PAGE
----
There have been quite a few article of late about the White House lawn having elevated levels of lead that could adversely affect Michelle Obama’s garden. On one hand, we have the Huffington Post coming down here on the side of caution, taking up Mother Jones’  message that that the land was contaminated by sewage sludge (and from the days of leaded gasoline) and ought not be used for gardening.  On the other, the weblog Obama Foodorama presents counter-arguments by scientists who point out that the lead level in the White House lawn is far below that of many urban soils, and that the crops grown in the White House garden have a low propensity for incorporating lead into edible plant parts, such as peas.

That leaded gasoline from years ago may have contributed to lead in White House soil is a reasonable assertion.  (Getting the lead out of our gasoline is an interesting story–it wasn’t easy to get the gasoline companies to remove it, despite the rather miniscule cost of doing so.)  But Mother Jones is all wet when they say, in terms of helping learn whether sewage sludge or leaded  gasoline was the “culprit”:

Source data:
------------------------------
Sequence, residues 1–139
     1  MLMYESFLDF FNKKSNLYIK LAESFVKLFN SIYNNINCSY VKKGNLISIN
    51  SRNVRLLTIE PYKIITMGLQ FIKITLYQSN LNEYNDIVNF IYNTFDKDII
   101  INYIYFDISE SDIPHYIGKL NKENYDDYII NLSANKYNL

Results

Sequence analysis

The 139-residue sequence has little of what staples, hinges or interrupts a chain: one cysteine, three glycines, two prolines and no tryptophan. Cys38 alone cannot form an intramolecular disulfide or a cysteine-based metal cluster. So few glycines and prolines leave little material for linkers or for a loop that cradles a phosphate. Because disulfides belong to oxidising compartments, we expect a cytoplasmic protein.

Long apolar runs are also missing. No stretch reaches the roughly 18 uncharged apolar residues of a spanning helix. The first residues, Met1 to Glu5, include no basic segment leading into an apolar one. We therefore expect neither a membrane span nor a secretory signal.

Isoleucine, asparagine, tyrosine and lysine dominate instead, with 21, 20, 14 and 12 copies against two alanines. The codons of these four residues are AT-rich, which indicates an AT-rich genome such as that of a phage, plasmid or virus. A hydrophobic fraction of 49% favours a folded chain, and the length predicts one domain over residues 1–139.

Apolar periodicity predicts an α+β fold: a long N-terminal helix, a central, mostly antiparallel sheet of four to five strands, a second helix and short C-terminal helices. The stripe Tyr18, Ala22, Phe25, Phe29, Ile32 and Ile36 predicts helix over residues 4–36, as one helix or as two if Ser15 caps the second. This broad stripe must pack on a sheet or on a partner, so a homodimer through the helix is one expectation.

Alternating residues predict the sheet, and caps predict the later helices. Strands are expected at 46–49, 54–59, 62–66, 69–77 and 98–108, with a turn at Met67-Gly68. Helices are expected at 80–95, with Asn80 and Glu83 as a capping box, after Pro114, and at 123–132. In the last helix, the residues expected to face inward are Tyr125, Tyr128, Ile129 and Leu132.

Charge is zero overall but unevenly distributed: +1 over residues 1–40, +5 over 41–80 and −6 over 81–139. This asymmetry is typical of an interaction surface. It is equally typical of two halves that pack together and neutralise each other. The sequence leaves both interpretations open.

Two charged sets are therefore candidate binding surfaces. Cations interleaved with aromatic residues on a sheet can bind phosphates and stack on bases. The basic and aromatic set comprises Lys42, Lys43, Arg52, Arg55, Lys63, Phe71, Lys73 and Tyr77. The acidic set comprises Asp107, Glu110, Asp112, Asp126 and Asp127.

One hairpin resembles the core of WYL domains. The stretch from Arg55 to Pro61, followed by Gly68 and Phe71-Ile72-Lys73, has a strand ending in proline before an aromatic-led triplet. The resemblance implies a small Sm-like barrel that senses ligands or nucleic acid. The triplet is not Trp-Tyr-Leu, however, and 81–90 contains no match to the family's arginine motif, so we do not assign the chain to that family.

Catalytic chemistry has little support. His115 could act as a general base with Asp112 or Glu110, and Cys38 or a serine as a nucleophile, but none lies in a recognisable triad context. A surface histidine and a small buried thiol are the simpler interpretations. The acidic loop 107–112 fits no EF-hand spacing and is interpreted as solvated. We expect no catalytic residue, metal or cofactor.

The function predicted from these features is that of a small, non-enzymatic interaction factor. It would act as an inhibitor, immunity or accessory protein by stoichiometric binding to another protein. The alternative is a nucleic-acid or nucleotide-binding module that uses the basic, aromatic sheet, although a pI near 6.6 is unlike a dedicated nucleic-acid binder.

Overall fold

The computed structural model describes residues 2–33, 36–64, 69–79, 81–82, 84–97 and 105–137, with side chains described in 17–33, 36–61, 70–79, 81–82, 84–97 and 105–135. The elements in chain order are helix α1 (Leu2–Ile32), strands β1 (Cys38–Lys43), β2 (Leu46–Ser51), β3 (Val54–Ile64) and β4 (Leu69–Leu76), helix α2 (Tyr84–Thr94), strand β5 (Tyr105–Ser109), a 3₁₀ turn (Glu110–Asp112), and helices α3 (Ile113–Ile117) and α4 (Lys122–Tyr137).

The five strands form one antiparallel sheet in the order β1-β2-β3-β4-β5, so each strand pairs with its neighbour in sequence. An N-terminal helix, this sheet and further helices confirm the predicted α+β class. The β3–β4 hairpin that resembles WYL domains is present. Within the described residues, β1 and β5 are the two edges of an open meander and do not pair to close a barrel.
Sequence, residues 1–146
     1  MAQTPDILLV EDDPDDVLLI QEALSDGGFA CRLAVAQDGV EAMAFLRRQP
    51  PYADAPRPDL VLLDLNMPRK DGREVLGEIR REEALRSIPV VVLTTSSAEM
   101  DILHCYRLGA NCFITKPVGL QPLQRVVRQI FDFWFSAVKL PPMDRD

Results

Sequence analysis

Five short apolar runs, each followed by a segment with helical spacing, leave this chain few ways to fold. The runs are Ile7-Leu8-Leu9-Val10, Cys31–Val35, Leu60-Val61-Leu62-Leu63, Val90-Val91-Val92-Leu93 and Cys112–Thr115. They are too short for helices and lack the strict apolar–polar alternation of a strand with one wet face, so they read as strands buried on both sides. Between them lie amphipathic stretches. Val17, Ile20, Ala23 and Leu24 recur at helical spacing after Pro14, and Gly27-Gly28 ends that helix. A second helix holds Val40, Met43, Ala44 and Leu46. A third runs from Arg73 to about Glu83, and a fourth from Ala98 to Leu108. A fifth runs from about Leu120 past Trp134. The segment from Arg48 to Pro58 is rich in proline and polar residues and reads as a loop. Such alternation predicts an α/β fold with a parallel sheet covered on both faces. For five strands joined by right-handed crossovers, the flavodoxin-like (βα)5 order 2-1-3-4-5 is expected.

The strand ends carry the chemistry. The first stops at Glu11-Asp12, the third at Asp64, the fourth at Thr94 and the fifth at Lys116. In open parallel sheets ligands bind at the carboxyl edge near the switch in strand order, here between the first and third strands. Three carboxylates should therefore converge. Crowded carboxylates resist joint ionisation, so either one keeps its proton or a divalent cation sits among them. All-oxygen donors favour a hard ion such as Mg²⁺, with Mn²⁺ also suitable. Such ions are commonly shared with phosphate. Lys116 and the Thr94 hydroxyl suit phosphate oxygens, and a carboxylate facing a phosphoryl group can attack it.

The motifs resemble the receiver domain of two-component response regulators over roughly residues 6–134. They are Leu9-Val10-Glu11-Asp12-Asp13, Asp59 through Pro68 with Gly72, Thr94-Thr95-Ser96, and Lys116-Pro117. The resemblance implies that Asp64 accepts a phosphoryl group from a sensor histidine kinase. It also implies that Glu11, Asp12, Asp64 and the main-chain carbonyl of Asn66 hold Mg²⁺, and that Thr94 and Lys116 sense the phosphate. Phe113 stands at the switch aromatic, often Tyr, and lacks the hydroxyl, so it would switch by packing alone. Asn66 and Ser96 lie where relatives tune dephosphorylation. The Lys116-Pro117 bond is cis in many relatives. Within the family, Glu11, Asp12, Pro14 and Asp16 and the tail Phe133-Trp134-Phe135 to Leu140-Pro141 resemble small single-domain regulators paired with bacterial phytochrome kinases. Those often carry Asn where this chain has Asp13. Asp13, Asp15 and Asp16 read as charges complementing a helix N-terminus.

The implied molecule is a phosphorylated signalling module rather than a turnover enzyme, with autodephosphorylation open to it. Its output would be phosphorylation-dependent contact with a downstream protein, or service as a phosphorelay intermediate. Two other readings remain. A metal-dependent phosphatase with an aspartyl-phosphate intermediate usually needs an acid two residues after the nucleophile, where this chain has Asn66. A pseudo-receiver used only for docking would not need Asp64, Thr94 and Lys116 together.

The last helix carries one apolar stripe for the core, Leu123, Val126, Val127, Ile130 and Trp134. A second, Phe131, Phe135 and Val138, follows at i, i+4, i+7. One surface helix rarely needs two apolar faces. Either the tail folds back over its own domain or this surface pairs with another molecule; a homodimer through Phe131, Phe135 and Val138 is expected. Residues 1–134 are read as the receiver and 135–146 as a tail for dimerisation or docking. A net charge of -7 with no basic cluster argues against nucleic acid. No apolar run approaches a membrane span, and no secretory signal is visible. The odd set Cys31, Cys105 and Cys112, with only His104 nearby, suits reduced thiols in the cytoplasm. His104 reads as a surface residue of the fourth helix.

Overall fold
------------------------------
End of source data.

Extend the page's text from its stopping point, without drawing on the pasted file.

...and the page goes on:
Of course, it won’t be possible to know the background lead level on the South Lawn unless someone sampled it before sludge was applied

That’s not true.  Lead levels could be checked in soils near the White House, such as at Lafayette Square, across the street, for example.  Such results would give a handle on whether sludge products purposefully incorporated into White House soil led to the lead in the lawn’s soil.

We also should learn, and teach about, what sort of sampling was done to test the White  House soil.  Was it a single, grab sample, a number of grab samples, or was it a composite sample (produced by mixing a bunch of grab samples) that was analyzed?  And what of retesting, to be certain of the data?

The other teachable moment here, besides looking more carefully at sampling methods and other, nearby soils, is to analyze the edible portions of the vegetables the Obamas are growing.  It would easy to have a lab analyze some peas and lettuce from the garden for lead, to learn what the actual exposure would be from eating vegetables from this garden.

I would be happy to go and have a beer at the White House to discuss these approaches over a picnic lunch.